TAVARES – A Lake County judge will not grant a recount to a Supervisor of Elections candidate who narrowly lost in the August 30 primary.

Margie Eaton, one of the candidates in the three-way race, said her challenge was thrown out because it did not meet the criteria in state law.

Eaton lost to Alan Hays, who finished with 12,973 votes or 41.81 percent, to her 12,700 votes (40.93 percent) and Michael Holland’s 5.355 votes (17.26 percent).

The difference between Hays and Eaton was .88 percent.

Eaton said she is disappointed in the decision of Judge Lawrence J. Semento and insisted that voters will never have peace of mind or faith in the voting system in this case.

“In order for a manual re-count, you have to prove there was bribery, that your opponent was not qualified or that there were inappropriate actions that occurred. The criteria doesn’t say anything about failure of equipment which, during the primaries, did occur,” Eaton said. “All we want to know is that all the votes were counted and that they were counted correctly.”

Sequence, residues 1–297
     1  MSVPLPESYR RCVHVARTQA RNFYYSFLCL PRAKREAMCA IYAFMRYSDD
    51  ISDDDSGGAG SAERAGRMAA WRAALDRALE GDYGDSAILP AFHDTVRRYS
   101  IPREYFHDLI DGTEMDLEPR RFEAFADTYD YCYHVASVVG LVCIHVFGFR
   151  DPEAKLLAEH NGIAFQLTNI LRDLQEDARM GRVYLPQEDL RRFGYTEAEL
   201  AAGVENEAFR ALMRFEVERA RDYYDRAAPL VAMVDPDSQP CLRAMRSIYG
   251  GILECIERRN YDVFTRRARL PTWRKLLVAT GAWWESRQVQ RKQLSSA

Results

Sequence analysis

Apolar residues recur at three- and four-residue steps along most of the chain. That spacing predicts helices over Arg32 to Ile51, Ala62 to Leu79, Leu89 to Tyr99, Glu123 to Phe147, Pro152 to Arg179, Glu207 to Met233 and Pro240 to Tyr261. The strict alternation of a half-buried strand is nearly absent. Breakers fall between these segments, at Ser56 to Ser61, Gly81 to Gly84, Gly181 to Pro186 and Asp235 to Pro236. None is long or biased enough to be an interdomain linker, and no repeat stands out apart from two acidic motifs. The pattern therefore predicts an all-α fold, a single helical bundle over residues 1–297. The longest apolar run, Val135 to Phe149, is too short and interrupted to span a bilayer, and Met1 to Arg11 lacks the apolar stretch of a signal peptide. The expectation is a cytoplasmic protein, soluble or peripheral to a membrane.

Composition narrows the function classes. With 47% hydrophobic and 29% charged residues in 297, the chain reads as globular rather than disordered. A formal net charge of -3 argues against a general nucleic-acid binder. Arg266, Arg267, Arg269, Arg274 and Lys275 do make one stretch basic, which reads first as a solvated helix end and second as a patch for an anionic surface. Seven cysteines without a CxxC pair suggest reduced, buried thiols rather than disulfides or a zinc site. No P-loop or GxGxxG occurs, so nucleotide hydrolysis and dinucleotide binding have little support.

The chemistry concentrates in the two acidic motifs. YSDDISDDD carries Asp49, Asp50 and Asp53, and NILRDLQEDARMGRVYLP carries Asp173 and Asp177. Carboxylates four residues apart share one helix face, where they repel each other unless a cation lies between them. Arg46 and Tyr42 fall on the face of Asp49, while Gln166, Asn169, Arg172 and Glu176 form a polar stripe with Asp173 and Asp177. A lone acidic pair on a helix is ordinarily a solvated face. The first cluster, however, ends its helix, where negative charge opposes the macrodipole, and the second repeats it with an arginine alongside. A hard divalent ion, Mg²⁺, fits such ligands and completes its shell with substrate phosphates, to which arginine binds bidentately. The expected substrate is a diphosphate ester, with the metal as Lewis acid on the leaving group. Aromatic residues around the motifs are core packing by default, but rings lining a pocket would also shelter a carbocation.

“People, including Emogene (Stegall) and Alan Hays, talk about the integrity of and the people’s trust in the vote, so I think they could have backed that up by saying, “Sure, no big deal, let’s have a recount considering all that happened that night.”

On election night, Stegall told the Daily Commercial that the vote totals transmitted successfully but did not "accumulate" due to a software glitch. So election workers had to collect the vote totals from polling place machines, load them on thumb drives and transport them by car to the central elections office in Tavares. There, they were uploaded to the computer and tabulated.

Stegall and the Lake County Florida Elections Canvassing Board admit that an error occurred with Elections Results Manager software but argued in court papers that a hand re-count of the ballots “would be unduly burdensome on the Elections Office and costly for the taxpayers of Lake County and that the state statute does not provide for a hand re-count of the ballots as a remedy.

The response also says that the ballots for the November 8 general election have already been submitted for printing at a cost of $62,000.

Eaton said that in a meeting at the Supervisor of Elections Office Wednesday with information technology employees with the county, she was told that the “glitch” on election night was due to the computer software used in the voting machines not being updated for the last 14 years.

On Thursday afternoon however, Stegall said the software has been used for 14 years but that the current version of it was installed on June 4, 2010 and is still certified.

“I am pleased that it (request for hand re-count) was dismissed and we are moving forward with the general election,” Stegall said.